Guest Blogger: Hank Kellner

Photos and Keywords Can Stimulate Your Students’ Imaginations 

When you and your students create keywords related to photographs, the possibilities for writing interesting poetry and/or prose are greatly enhanced.

For example, if you show the photo of an arrow painted on a macadam surface to students at almost any level and ask them to cite words that come to mind, they are sure to respond eagerly. Here are just a few keywords related to the photo shown above: (a) forward, (b) direction, (c) traffic, (d) pointing, (e) street, (f) flat, (g) angular, (h), arrow, (i), sign, (j), smudged), and (k) road.

Using the keywords they've cited, most students should be able to develop interesting written works. But for those who need even more prompting, a possible opening line is sure to work, as in “When Cody saw the sign in his headlights, he knew . . .” or “Because Angelica wasn’t sure what direction to take . . .”

You are free to download this photo for use in your classroom to use as a poem or story starter. And if it succeeds in helping you or your students write a poem, I would love to hear from you. You can contact me at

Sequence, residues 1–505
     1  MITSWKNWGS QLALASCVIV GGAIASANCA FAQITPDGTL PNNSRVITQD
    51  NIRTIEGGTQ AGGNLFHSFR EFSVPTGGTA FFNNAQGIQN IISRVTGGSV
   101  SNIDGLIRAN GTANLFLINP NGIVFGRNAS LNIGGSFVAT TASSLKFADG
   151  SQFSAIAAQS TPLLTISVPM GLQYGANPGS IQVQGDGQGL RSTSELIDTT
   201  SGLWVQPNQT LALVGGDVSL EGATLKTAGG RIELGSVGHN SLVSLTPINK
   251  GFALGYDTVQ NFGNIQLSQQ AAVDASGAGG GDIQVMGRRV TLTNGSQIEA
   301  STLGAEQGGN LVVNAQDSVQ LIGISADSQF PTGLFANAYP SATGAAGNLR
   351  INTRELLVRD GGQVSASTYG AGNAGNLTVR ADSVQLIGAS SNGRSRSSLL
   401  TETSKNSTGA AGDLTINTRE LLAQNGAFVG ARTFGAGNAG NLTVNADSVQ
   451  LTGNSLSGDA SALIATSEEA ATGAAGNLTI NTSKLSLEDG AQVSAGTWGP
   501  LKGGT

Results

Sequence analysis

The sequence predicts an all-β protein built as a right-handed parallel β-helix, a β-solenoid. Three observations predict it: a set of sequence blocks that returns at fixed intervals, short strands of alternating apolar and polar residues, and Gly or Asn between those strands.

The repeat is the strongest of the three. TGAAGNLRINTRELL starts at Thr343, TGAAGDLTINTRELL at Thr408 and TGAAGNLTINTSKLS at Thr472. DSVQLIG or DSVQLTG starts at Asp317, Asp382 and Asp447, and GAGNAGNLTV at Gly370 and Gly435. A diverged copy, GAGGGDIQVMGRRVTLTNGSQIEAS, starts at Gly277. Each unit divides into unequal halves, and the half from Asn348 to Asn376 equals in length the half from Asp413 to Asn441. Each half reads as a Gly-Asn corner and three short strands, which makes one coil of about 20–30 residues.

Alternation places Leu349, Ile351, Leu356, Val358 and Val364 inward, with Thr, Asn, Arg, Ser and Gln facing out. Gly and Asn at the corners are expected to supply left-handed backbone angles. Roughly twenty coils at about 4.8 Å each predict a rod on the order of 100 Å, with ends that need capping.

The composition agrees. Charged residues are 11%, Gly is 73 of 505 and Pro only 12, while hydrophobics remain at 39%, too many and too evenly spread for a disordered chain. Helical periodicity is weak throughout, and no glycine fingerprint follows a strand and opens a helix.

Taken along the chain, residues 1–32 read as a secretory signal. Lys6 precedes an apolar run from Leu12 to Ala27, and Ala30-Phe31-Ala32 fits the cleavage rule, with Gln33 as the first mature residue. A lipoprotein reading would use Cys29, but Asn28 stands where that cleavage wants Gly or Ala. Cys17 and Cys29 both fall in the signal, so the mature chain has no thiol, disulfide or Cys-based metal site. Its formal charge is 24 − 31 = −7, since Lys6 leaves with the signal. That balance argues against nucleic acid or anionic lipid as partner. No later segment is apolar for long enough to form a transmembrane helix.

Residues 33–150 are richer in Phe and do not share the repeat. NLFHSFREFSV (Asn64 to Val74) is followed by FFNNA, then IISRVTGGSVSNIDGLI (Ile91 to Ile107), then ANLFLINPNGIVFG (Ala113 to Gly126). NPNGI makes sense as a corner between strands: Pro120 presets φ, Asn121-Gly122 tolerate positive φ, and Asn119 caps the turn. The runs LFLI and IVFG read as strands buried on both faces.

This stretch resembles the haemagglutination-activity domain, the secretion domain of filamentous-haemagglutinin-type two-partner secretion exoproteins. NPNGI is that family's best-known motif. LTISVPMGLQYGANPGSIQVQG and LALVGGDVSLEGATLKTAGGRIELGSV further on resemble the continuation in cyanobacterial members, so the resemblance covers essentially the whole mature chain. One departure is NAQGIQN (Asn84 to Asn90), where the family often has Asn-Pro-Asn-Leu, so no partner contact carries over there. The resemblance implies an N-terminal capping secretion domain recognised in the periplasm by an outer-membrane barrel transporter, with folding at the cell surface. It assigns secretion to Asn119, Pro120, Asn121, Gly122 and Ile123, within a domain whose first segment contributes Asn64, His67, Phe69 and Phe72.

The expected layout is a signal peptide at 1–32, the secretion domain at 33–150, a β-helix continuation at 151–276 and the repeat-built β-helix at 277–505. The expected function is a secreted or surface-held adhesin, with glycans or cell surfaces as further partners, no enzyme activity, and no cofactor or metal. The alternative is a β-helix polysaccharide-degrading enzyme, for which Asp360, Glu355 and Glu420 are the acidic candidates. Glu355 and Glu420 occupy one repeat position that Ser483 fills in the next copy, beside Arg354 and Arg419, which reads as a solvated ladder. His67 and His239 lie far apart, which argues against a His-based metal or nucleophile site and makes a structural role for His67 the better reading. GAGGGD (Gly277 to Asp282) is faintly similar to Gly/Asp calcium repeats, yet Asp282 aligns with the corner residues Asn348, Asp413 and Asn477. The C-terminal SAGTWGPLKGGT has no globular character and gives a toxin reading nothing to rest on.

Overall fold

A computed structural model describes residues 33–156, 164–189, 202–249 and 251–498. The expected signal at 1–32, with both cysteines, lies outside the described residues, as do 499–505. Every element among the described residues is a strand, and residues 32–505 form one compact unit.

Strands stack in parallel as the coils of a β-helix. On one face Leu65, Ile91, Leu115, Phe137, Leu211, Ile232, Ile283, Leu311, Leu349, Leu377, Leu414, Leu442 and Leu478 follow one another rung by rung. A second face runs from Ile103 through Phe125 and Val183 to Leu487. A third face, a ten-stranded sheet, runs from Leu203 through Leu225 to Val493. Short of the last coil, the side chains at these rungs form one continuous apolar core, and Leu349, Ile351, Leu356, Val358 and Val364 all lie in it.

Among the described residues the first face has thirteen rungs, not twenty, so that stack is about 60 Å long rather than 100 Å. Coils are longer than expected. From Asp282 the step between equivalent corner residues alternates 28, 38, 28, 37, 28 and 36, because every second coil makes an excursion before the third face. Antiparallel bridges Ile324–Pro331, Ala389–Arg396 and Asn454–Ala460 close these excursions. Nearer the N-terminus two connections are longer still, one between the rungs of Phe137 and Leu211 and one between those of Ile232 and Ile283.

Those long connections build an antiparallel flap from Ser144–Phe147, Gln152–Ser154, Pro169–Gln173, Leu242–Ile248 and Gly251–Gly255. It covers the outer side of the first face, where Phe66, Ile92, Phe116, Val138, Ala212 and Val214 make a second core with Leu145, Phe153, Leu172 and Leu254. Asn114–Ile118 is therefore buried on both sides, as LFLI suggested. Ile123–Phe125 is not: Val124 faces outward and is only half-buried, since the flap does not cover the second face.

For more photos and ideas for writing prompts you can use in your classroom, check out my book, Write What You See: 99 Photos to Inspire Writing from Prufrock Press


This blog entry was contributed by Hank Kellner, the author of Write What You See: 99 Photos to Inspire Writing. It originally appeared on his blog, English Education. Hank is a veteran of the Korean War and a retired educator who has served as an English Department supervisor and adjunct associate professor of English at the community college level.